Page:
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Real and mythological Silmarils

Na Vedui

Apr 8, 8:41pm

Post #1 of 6 (2114 views)
Real and mythological Silmarils Can't Post

I was recently re-reading Wilkie Collins' "The Moonstone" (a classic early whodunnit/novel about the theft of a valuable diamond) and found a reference to it glowing in the dark, like a Silmaril. Since Collins' novel is set in Victorian England, I started to wonder if this was something that could really happen, and looked it up:
The Wikipedia article not only covers the various ways in which certain gems can indeed shine in the dark, but a wealth of mythological references, even including some connecting shining gems with ships, a la Earendil !

Mari D.

Apr 8, 9:31pm

Post #2 of 6 (2080 views)
Thanks for introducing me to the concept ... [In reply to] Can't Post

... I wasn't aware that gems can glow in the dark. It seems that it requires heat or prior exposure to sunlight, but still, very nice to know Smile

... non-native English speaker. If you reply to one of my posts feel free to help me improve by quoting + correcting the quote in CAPITAL letters :-)

Thanks everyone for your kind answers to my many questions! It's a delight for me to read them.


Apr 8, 10:12pm

Post #3 of 6 (2070 views)
Indeed [In reply to] Can't Post

Thank you for sharing,, Na Vedui! A fascinating read.

Do any Tolkien scholars know if he ever mentioned the Visby garnets story, or the medieval tradition re Noah's stone? (Ark-stone, hee hee.)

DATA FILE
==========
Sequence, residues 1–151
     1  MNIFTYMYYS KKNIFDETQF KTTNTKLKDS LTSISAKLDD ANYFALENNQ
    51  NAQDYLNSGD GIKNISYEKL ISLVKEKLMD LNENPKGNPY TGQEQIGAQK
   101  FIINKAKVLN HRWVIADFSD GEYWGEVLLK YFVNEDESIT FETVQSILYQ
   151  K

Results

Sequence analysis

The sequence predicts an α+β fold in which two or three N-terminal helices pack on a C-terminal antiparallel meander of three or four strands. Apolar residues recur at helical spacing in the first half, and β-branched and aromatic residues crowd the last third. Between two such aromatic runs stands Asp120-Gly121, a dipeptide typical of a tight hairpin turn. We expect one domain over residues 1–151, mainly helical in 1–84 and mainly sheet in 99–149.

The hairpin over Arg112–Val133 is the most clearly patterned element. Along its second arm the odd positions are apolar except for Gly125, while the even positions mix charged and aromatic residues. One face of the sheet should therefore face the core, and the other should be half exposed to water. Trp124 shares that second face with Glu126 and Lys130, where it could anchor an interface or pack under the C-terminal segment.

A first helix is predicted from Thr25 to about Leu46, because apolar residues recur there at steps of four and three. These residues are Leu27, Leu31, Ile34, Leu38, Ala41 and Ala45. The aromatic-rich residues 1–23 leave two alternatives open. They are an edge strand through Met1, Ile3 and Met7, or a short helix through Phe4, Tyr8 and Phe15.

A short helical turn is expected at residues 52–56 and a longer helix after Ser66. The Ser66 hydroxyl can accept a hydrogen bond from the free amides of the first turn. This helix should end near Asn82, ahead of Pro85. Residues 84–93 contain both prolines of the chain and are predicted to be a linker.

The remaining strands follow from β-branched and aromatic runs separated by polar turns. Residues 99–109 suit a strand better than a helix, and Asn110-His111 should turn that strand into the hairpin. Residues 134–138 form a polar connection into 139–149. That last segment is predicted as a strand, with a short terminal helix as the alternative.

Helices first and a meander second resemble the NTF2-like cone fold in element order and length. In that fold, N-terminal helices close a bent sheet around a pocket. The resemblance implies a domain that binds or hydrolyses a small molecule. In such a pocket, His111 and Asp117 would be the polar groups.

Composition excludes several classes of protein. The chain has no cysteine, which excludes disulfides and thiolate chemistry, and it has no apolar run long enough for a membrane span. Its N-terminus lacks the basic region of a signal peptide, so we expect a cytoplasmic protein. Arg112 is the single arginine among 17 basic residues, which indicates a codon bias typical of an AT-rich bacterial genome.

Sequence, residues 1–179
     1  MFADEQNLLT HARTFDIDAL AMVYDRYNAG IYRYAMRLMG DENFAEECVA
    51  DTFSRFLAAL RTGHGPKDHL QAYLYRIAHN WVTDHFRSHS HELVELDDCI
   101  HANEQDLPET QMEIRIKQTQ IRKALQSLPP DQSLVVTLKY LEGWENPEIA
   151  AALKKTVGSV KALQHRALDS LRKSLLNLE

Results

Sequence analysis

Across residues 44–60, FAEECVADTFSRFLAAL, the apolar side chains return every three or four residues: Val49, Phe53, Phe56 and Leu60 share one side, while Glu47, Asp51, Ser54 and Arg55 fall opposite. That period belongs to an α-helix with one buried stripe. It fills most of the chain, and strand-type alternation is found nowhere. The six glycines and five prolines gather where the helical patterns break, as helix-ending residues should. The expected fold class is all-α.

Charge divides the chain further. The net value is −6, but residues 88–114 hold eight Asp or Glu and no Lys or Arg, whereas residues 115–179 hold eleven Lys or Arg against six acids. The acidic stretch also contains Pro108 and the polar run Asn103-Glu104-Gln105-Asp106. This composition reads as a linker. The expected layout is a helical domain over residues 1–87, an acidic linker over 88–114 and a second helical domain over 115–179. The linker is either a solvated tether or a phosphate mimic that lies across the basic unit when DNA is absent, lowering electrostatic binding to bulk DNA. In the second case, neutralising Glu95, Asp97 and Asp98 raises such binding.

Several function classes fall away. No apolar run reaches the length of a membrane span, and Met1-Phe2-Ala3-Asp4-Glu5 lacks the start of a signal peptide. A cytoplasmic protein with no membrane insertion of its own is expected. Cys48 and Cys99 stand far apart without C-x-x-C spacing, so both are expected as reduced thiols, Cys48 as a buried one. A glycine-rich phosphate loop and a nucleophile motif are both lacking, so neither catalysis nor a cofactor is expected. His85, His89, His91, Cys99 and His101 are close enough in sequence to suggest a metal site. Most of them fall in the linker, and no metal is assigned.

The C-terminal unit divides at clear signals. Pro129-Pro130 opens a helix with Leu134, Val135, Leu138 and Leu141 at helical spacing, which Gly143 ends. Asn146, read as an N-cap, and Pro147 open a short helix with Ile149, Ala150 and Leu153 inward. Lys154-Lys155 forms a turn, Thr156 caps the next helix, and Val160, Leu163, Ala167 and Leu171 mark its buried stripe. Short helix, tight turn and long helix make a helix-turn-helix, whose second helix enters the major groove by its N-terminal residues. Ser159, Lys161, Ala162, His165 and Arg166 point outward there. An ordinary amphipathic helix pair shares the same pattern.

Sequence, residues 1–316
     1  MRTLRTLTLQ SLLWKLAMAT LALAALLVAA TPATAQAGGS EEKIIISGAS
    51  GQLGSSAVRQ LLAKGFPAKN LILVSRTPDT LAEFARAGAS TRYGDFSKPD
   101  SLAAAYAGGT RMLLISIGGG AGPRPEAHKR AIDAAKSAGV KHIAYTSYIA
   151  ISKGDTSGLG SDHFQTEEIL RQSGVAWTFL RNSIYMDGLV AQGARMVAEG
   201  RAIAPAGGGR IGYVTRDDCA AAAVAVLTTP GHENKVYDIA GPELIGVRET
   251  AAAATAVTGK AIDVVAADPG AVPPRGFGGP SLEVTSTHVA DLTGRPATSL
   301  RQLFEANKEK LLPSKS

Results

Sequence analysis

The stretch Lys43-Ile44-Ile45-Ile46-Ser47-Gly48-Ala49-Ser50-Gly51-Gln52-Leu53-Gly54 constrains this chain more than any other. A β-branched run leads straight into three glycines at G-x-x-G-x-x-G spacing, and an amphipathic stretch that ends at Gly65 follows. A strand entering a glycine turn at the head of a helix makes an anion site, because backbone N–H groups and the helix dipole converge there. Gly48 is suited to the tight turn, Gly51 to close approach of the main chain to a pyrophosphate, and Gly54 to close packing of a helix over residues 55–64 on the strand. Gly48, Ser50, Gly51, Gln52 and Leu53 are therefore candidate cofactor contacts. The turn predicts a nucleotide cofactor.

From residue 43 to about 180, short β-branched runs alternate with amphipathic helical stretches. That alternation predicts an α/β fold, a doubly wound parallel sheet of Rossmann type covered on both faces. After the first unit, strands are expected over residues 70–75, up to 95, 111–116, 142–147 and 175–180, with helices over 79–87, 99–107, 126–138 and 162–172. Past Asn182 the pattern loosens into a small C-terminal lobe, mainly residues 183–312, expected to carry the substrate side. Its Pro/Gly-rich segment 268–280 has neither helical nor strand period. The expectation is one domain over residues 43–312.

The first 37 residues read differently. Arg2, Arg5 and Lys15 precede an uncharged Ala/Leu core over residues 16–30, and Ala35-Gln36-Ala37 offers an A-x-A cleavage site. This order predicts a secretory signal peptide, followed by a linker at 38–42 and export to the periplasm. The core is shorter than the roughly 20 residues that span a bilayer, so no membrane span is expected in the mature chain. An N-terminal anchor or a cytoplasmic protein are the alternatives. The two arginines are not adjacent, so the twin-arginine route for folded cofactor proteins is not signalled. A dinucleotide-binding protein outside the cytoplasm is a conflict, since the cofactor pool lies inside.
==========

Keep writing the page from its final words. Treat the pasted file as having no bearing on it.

Apr 13, 5:40pm

Post #4 of 6 (1973 views)
I just learned this [In reply to] Can't Post

There's a fabulous exhibit on gems at the LA Natural History Museum. It's incredibly large and thorough. I could have spent an entire day or two in there studying each gem. They've collected thousands from just about every country. It was jaw-dropping to see so many in one place!

Anyway, one little window actually highlighted gems that glow in the dark. They even had the lights go on and off every 15 seconds or so, so you could see it for yourself. If anyone's in LA, you should check it out! The rest of the museum is fantastic too.

They also had a really eerie vault that housed a collection of jewelry (I can't remember the designer's name) that actually used moonstone in most if not all of the pieces. I felt like the vault could have been used for the movie 2001: A Space Odyssey--very spooky.

Love the book The Moonstone, by the way!

Join us every weekend in the Hobbit movie forum for this week's CHOW (Chapter of the Week) discussion!

Aunt Dora Baggins

Apr 16, 9:47pm

Post #5 of 6 (1926 views)
Fascinating! [In reply to] Can't Post

Thanks for the link.

GNU Terry Pratchett
"For DORA BAGGINS in memory of a LONG correspondence, with love from Bilbo; on a large wastebasket. Dora was Drogo's sister, and the eldest surviving female relative of Bilbo and Frodo; she was ninety-nine, and had written reams of good advice for more than half a century."
"A Chance Meeting at Rivendell" and other stories

leleni at hotmail dot com

mae govannen
Tol Eressea

May 10, 12:15pm

Post #6 of 6 (763 views)
Wonderful link! [In reply to] Can't Post

I had no idea anything like that really existed. Beautiful discovery. Thank you, Na Vedui!

'Is everything sad going to come untrue?'
(Sam, 'The Field of Cormallen', in 'The Return of the King'.)


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